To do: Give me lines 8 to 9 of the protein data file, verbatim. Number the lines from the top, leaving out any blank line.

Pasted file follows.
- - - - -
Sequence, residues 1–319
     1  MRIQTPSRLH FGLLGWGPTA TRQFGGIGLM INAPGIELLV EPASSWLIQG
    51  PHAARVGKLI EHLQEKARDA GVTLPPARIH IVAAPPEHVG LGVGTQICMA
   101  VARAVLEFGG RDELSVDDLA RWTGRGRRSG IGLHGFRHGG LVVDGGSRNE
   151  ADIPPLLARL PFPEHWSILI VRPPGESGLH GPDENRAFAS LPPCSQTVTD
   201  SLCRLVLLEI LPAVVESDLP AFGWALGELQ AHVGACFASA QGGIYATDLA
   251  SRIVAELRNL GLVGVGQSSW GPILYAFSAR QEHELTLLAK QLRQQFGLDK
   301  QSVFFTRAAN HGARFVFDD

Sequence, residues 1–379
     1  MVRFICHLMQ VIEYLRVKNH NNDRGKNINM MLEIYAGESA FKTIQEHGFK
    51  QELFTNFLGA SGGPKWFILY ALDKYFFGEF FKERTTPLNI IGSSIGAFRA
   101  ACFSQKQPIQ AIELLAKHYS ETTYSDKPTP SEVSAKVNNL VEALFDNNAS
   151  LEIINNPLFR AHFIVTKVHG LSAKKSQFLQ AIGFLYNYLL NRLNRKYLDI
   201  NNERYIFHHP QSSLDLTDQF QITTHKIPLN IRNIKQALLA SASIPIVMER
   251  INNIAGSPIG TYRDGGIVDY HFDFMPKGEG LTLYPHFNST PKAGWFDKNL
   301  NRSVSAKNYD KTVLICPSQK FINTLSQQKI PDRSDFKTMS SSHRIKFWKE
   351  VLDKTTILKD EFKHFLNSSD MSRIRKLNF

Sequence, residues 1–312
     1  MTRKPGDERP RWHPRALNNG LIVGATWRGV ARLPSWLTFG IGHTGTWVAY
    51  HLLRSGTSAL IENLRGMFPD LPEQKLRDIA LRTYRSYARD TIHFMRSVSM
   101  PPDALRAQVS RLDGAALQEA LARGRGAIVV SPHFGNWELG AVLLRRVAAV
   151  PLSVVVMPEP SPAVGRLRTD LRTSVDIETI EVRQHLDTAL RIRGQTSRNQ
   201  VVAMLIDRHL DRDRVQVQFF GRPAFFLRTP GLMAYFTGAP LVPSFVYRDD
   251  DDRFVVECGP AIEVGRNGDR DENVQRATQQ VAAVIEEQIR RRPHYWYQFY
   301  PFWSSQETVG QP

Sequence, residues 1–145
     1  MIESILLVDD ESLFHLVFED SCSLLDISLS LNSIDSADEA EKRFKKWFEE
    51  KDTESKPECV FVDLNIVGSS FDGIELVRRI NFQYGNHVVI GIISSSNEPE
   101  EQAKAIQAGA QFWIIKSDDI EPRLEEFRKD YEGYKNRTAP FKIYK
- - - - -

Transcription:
   301  QSVFFTRAAN HGARFVFDD

Sequence, residues 1–379